So to those people, I say - just re-read the story once again. There's two separate versions in Matthew and Luke's gospels. And forget what you have learned in the past - read it for what it is. A government census that forced people to travel miles to register themselves. The tale of a mother who had to have her baby in less than perfect circumstances. A group of scared shepherds on the hillside. Latch on the basic, human story. And then, perhaps, things will come clearer.

I hope you have a truly magic Christmas this year.

22 December 2008

My Christmas present

Well, the Corps Carol Service went well, so that means we can now stop rehearsing lines and music and can start concentrating on building up our own festive celebrations at home. So we went Christmas food shopping today. I thought I'd left it a bit late but judging by the queues at the shops I haven't - everyone seemed to be there today!

The Christmas telly schedule doesn't enthrall me quite like it used to in my youth, but my highlight for this week is still going to be the Wallace & Gromit special on Christmas Day - I can't wait. Just like a big kid! Blatant product placement to the left here, with the web address where you can more about this year's masterpiece.

What a cracking present!

20 December 2008

Useful tips - 2008 review

Well, it's the end of the year, and what a year! So much has happened in an 'interesting' twelve months, that I'm so looking forward to a new start in 2009! The following are all stray thoughts and words of wisdom that I have learned in 2008 and share with you now (all bible verses are from the NIV):

January & February: 2008 began as 2007 ended - with much the same going on in my life. Life can be a bit like 'Groundhog Day' more often than not: you get up, go to work, come home, go to bed. Each day is much like any other. Oh, there are times when you do something a bit different... my good friend Elizabeth lent me the book 'If You Want to Walk on Water, You'Ve Got to Get Out of the Boat' by John Ortberg, which indicates a little of what I have been trying to achieve in my life. At least I've started to get my feet wet this year....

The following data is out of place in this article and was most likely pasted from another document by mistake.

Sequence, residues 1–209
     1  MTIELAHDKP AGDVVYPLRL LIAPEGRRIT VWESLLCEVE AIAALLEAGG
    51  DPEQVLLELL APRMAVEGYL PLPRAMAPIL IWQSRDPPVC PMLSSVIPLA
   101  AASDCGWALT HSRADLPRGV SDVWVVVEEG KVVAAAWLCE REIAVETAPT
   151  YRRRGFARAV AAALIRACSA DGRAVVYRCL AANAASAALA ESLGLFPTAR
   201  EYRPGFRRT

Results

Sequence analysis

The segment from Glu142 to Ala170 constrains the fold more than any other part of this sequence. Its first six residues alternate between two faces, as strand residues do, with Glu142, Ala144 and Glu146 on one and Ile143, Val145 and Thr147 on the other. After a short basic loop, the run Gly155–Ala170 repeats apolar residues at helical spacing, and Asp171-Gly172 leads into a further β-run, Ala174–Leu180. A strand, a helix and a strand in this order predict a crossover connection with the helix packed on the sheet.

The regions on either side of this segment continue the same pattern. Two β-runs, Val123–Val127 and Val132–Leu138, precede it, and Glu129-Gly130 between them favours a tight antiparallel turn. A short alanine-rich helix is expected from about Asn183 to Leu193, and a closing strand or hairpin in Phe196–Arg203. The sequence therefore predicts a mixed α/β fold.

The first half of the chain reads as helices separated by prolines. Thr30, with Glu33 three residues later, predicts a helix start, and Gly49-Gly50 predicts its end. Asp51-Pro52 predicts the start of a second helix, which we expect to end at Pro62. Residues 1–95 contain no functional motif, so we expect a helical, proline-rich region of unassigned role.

March was probably the first occasion in the year where I boldly stepped out in faith and left my comfort zone during 2008, trying to explore new possibilities in my Christian service. It was the 'Exploring Leadership' day at the Wiliam Booth College. Well, little steps first! I know now first hand what was meant when the songwriter he wrote "Lead us, heavenly Father, lead us, O’er the world’s tempestuous sea". I knew I was being led somewhere, but wouldn't yet know how rough the sea would get ...

April: some more foundations laid, when I was fortunate enough to attend a meeting to discuss the possibility of a Street Pastors initiative in Dartford. A very promising start - I'm looking forward to seeing some fruit from this one day!

May: Another step of faith was my weekend away to ROOTS in Southport over the early May bank holiday, which gave me further confirmation as to where I should be looking... This was followed by a very pleasant family week away in late May, camping in Wales - the first time I had ever been to that beautiful country, and hopefully not the last! How wonderful that the campsite had no TV or mobile phone reception, I'm sure that's why it was so peaceful!